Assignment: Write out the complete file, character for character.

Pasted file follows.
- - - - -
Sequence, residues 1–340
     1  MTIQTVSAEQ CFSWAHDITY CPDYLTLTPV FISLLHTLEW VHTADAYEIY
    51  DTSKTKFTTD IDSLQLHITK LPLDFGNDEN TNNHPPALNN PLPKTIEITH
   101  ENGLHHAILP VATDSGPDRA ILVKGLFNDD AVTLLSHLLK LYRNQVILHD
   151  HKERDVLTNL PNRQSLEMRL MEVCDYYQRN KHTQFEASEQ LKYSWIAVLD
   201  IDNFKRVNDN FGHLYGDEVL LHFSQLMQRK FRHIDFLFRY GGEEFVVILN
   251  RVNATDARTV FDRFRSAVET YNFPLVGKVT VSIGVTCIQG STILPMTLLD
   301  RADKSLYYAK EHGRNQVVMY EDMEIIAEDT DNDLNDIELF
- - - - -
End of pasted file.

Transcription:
Sequence, residues 1–340
     1  MTIQTVSAEQ CFSWAHDITY CPDYLTLTPV FISLLHTLEW VHTADAYEIY
    51  DTSKTKFTTD IDSLQLHITK LPLDFGNDEN TNNHPPALNN PLPKTIEITH
   101  ENGLHHAILP VATDSGPDRA ILVKGLFNDD AVTLLSHLLK LYRNQVILHD
   151  HKERDVLTNL PNRQSLEMRL MEVCDYYQRN KHTQFEASEQ LKYSWIAVLD
   201  IDNFKRVNDN FGHLYGDEVL LHFSQLMQRK FRHIDFLFRY GGEEFVVILN
   251  RVNATDARTV FDRFRSAVET YNFPLVGKVT VSIGVTCIQG STILPMTLLD
   301  RADKSLYYAK EHGRNQVVMY EDMEIIAEDT DNDLNDIELF